By Rajendra Jadhav
MUMBAI (Reuters) - Palm oil imports by India, the world's biggest buyer of edible oils, could fall as much as 11% on the year in 2019/20, hit by a rally in prices and a diplomatic row that is turning its traders away from Malaysia, industry officials said on Friday.
Last week, India slapped curbs on imports of refined palm oil and informally asked traders to halt all palm imports from Malaysia, the world's second biggest producer.
The step followed repeated objections by India's Hindu nationalist government to comments by Mahathir Mohamad, the prime minister of Muslim-majority Malaysia, against some recent policies that critics say discriminate against Muslims.
Indian traders said they have turned to top producer Indonesia to buy palm instead, and are also taking a small amount from Thailand.
"Higher prices of palm oil and limited cargoes from Indonesia would reduce India's palm oil imports," said Sandeep Bajoria, chief executive of Sunvin Group, a vegetable oil importer based in the commercial capital of Mumbai.
The drop in Indian purchases could limit the rally in Malaysian palm <1FCPOc3> which has surged more than 45% in the last six months, making rival edible oils more attractive to buyers.
New Delhi's palm oil imports in the marketing year to Oct. 31 could fall to between 8.4 million and 9 million tonnes from 9.4 million last year, a spot survey of six industry officials showed.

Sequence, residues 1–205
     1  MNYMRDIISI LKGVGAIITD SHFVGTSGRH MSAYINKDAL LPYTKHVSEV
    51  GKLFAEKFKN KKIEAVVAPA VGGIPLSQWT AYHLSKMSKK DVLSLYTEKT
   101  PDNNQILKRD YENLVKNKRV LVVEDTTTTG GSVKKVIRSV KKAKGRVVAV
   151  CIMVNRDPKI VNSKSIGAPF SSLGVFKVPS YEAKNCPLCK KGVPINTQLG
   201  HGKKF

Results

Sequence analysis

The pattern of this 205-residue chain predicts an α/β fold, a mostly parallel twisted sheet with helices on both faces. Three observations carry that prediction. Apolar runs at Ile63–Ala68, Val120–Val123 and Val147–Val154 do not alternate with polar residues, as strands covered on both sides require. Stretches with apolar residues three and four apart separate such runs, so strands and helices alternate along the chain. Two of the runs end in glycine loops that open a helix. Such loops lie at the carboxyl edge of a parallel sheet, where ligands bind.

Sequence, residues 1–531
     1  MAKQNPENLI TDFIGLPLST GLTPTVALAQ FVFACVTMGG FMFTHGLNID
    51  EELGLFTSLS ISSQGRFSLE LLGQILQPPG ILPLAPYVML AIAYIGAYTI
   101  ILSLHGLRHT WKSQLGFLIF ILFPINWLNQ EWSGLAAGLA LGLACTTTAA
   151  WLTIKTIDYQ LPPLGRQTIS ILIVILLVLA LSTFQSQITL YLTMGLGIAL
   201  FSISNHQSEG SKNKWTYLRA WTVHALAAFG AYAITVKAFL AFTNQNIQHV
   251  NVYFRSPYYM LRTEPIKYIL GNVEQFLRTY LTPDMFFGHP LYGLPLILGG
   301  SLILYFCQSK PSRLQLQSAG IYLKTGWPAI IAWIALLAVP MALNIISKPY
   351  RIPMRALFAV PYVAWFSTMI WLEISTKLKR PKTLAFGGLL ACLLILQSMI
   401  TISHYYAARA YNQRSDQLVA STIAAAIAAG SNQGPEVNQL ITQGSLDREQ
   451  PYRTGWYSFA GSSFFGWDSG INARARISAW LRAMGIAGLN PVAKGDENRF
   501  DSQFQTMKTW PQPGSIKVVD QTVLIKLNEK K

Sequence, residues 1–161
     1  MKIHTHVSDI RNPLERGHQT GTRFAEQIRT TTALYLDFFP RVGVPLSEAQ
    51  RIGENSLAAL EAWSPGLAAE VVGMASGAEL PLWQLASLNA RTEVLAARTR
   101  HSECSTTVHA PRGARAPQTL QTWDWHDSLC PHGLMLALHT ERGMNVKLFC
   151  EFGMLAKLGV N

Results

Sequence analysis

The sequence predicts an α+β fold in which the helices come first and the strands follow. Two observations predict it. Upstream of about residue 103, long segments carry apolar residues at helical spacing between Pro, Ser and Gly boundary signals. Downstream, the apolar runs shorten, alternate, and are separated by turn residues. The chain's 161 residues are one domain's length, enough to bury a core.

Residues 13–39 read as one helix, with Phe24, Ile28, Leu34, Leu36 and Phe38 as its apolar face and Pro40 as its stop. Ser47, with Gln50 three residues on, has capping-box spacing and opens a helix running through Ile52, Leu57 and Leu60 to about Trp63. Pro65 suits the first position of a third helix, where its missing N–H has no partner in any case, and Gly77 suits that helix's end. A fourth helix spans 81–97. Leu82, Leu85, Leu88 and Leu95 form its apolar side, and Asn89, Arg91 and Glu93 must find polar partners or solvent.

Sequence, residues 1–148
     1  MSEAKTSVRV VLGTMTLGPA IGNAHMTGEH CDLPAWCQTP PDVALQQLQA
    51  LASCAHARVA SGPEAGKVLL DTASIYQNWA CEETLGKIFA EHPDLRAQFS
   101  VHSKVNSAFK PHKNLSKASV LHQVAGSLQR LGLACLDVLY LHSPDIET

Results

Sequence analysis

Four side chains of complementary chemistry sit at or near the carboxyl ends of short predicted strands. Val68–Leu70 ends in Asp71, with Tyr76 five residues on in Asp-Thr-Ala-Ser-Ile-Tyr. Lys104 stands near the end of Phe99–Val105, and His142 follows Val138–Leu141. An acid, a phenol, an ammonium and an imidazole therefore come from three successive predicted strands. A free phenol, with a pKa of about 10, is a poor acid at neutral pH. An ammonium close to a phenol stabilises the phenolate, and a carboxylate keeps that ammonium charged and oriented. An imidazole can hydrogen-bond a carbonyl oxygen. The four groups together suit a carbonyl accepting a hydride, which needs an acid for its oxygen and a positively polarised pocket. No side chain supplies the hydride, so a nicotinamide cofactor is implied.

Indonesia will struggle to meet Indian requirements in the next two months, said Govindbhai Patel, managing director of trading firm G.G. Patel & Nikhil Research Company.
But the situation will change gradually as buyers of Indonesian oil shift to Malaysia, lured by its discount over supplies from Jakarta, Patel added.
"This will make supplies available for India in Indonesia," he said.
Please click on link for graphic of palm oil exports to India from Malaysia vs Indonesia: https://tmsnrt.rs/30qPhDz
India meets nearly two-thirds of its edible oil demand through imports and palm makes up the bulk because of its lower price.
But palm's rising prices are also turning Indian buyers towards soyoil and sunflower oil, which are seen as having health benefits, traders said.
Palm's discount to soyoil and sunflower oil has narrowed to $60 per tonne from $205 in July 2019, data from a Mumbai-based trade body, the Solvent Extractors' Association, shows.
"Soyoil and sunflower oil have become very attractive at the current price level," said Patel.
India's imports of soyoil in 2019/20 could rise 20% from a year ago to 3.6 million tonnes, while sunflower oil could jump 28% to 3 million, the spot survey showed.
India imports soyoil mainly from Argentina and sunflower oil from Ukraine and Russia.
(Reporting by Rajendra Jadhav; Editing by Clarence Fernandez)